Having no night watches.


Related Terms

LOOKOUT TOWER

In marine operations, any tower surmounted by a small house in which a watch is habitually kept, as distinguished from an observation tower in which no watch is kept.

ISOCHRONISM

The property of having a uniform rate of operation or periodicity, for example, of a pendulum or watch balance.

DOGWATCH

A short, evening period of watch duty on a ship

HACK

A chronometer which has failed to meet the exacting require- ments of a standard chronometer, and is used for timing observations of celestial bodies, regulating ship's clocks, etc. A comparing watch, which may be of high quality, is normally used for timing celestial observations, the watch being compared with the chronometer, preferably both before and after observations. Sometimes called HACK CHRONOMETER.

GUARD BOAT

A boat which makes the rounds of a fleet at anchor to see that due watch is kept at night.

STARBOLINS

Sailors of the starboard watch

UNDER THE WEATHER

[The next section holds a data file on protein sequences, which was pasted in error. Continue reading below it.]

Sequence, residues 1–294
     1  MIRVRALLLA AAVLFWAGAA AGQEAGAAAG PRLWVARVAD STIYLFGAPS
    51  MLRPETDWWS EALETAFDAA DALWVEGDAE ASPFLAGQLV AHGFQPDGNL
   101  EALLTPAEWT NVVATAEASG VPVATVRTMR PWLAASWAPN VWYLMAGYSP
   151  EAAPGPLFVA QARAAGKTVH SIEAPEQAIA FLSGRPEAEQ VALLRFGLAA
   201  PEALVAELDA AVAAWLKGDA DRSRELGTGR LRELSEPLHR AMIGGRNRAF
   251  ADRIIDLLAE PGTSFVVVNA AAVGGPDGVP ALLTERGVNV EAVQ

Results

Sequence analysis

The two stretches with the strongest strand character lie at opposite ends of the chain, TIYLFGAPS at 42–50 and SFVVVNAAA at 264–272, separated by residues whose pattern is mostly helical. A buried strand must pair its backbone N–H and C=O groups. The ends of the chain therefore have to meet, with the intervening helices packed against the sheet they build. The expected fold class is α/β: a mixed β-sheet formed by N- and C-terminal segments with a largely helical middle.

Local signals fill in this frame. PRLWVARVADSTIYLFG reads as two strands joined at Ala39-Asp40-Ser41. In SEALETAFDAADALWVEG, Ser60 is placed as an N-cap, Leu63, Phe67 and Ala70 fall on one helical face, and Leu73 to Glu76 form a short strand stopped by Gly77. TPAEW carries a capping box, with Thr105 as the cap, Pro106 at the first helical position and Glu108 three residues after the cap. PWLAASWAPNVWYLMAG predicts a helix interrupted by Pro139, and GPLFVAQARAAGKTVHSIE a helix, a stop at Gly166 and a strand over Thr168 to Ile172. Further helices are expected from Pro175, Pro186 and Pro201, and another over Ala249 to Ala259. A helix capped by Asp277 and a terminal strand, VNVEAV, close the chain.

Serving a watch on the weather side of the ship, exposed to wind and spray.

BINNACLE LIST

A ship's sick list. The list of men unable to report for duty was given to the officer or mate of the watch by the ship's surgeon. The list was kept at the binnacle.

ANCHOR WATCH

The crewmen assigned to take care of the ship while anchored or moored, charged with such duties as making sure that the anchor is holding and the vessel is not drifting. Most marine GPS units have an Anchor Watch alarm capability.

IDLER

A member of a ship's company not required to serve watches. These were in general specialist tradesmen such as the carpenter and the sailmaker.

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